|D, kJ mol-1|
Much is also known about the chemisorption of carbon monoxide on metal surfaces and particles: the nature of the bonding is very similar to that in carbonyl complexes, and the fact that a surface metal atom is linked to a number of others seems to have little effect. The significant difference is however that the M-CO bond is stronger at surfaces than in complexes, so that strong chemisorption is observed with palladium and platinum, and the adsorbed state can even be studied on the Group 11 metals.
In fact, it is in Group 11 that the relativistic effect is more clearly seen (11–13), but results from a recent important paper which analyses the situation with the Group 10 metals in great depth must be examined (14). In summary it concludes that the chemisorption of a carbon monoxide molecule on platinum differs from that on nickel and palladium because there is:
• a larger differential shift in C-O vibration frequency between the atop and bridge sites, and
• a smaller change in the work function of the metal. These observations can only be explained theoretically on the basis of DFT calculations which incorporate the relativistic correction. This is however of much less importance in the case of palladium, see Figure 2.
Coordination of Hydrogen Atoms and Molecules
In homogeneously-catalysed reactions in which hydrogen is a reactant, it must first be coordinated to the metal centre: this usually occurs by dissociation and oxidative addition. The metals of Group 8 form complexes of the type M(PR3)3H4 (15). When M is osmium there are four hydride ligands, but if M is iron or ruthenium there are two hydrides and one hydrogen molecule, the latter acting as a σ* acceptor via its vacant antibonding σ* orbital. DFT calculations show that this changeover is due to the destabilisation of the osmium 5d orbitals, making osmium a stronger donor. It is not yet known whether there are parallel differences in hydrogen chemisorption.
Homogeneous and Heterogeneous Catalytic Reactions of Carbon Monoxide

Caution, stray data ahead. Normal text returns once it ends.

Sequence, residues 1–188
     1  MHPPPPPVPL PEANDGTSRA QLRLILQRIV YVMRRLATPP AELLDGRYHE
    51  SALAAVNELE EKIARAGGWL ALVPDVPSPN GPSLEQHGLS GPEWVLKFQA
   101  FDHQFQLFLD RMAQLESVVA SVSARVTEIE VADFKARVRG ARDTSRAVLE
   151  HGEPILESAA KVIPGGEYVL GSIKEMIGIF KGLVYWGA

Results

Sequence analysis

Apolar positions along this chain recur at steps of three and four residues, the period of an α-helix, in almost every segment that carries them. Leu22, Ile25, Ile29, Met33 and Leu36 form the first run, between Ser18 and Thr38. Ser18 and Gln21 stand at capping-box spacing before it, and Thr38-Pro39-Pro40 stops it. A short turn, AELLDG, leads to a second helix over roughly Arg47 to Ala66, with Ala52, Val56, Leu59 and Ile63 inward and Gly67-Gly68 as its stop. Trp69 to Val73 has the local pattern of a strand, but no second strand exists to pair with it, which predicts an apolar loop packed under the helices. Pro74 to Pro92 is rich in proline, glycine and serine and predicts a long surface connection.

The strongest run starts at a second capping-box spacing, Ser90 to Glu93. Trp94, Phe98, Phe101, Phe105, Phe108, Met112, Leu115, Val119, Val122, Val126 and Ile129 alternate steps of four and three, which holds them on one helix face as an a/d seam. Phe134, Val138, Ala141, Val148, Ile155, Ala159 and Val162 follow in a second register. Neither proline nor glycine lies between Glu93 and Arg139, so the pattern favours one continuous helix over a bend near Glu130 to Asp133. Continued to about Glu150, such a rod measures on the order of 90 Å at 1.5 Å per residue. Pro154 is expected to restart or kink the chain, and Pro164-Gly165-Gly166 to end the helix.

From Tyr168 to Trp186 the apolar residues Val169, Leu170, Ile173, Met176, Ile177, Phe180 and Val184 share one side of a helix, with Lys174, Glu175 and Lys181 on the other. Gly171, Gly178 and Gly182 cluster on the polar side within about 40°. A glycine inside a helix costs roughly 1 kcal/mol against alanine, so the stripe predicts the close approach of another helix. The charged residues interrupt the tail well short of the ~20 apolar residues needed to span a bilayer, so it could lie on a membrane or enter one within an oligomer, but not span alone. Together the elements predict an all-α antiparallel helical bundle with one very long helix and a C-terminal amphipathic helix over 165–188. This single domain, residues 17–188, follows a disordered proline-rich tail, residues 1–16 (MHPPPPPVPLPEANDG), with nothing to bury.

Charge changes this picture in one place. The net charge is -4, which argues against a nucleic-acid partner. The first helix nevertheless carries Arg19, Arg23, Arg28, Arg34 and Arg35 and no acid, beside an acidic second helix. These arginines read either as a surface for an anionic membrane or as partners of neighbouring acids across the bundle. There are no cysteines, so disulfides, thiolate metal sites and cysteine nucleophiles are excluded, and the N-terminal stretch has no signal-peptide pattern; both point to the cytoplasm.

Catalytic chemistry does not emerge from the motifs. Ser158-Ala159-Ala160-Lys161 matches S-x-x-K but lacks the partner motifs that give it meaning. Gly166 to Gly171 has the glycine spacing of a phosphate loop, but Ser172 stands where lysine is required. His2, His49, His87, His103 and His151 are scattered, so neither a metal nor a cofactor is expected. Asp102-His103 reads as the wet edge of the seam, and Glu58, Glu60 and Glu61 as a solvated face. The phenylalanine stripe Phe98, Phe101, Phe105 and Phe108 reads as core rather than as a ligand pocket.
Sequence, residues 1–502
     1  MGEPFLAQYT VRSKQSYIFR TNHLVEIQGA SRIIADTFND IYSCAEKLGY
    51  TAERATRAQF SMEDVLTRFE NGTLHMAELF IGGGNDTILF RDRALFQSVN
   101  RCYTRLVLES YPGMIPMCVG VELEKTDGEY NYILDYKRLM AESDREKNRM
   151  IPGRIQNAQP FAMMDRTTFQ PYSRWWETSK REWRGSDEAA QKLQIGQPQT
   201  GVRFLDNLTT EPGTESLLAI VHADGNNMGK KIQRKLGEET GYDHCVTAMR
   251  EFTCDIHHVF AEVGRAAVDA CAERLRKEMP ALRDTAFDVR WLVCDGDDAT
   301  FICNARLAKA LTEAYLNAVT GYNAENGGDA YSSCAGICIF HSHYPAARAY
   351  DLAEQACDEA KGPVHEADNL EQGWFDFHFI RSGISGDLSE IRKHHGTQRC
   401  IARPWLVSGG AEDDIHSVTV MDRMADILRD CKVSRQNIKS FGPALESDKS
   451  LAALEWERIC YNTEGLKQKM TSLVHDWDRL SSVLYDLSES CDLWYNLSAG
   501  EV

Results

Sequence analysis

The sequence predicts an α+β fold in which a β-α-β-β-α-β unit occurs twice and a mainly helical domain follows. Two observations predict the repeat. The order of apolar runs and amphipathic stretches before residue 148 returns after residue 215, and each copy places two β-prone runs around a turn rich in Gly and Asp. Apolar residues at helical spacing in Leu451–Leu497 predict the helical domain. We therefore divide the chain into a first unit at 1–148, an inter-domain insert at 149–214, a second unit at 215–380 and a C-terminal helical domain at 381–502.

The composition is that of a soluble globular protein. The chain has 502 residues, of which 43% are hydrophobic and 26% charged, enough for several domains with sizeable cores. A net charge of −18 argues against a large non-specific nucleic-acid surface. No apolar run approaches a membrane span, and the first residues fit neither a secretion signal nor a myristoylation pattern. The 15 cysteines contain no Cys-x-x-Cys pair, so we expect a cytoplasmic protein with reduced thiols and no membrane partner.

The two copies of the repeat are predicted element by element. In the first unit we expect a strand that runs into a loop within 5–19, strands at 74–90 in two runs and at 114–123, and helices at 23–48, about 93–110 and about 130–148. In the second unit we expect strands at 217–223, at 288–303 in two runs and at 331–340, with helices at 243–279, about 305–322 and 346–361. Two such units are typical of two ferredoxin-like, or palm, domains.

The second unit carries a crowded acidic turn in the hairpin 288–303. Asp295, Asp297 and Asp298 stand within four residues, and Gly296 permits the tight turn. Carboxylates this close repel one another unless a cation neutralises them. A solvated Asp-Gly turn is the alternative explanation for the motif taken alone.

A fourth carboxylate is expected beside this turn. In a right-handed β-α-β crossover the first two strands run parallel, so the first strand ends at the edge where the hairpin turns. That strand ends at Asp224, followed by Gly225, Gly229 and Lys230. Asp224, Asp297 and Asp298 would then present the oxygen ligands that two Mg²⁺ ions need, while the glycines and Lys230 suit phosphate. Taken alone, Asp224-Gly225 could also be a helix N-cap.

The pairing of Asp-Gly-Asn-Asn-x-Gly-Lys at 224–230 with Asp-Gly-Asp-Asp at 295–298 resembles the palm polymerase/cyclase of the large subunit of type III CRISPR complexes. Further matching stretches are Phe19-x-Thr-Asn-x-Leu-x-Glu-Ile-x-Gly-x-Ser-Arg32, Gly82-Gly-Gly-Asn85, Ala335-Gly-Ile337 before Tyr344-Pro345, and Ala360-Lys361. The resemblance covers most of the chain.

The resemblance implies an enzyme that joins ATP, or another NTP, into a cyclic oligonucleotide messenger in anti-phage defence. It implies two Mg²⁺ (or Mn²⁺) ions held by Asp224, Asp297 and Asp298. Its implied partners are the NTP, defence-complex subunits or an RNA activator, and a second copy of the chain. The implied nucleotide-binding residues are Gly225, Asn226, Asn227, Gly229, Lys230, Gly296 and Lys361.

The industrially and environmentally important catalysed reactions of carbon monoxide are:
(i) its reaction with hydrogen
(ii) its reaction with hydrogen and an alkene, that is, hydroformylation
(iii) its reaction with methanol, and
(iv) its oxidation to carbon monoxide.
The reaction with hydrogen can lead to many different products, including methane, methanol and, by the Fischer-Tropsch synthesis, higher alkenes, alkanes and oxygenated products, depending on the catalyst used, and on the temperature and the pressure at which the reaction is conducted.
There are no significant applications of homogeneously catalysed reactions of carbon monoxide with hydrogen alone. Laboratory studies have shown that HCo(CO)4 can catalyse the formation of methanol, and rhodium cluster complexes can give 1,2-dihydroxyethane (ethylene glycol), but vigorous conditions are needed, and they are not commercially attractive (1).
All the many important reactions of carbon monoxide and hydrogen require heterogeneous catalysts. The metals which feature in Fischer-Tropsch synthesis are the three base metals of Groups 8 to 10, and ruthenium and osmium. Ruthenium is able to give very high molecular weight hydrocarbons at high pressure. Palladium can catalyse the formation of methane, and rhodium can make C2 oxygenated products; the distinction here between these two metals and the others of Groups 8 to 10 is a clear reflection of the weaker bonding of carbon monoxide to their surfaces. In the same way, copper is the metal of choice for the industrial synthesis of methanol, although gold also works, but much less effectively (3).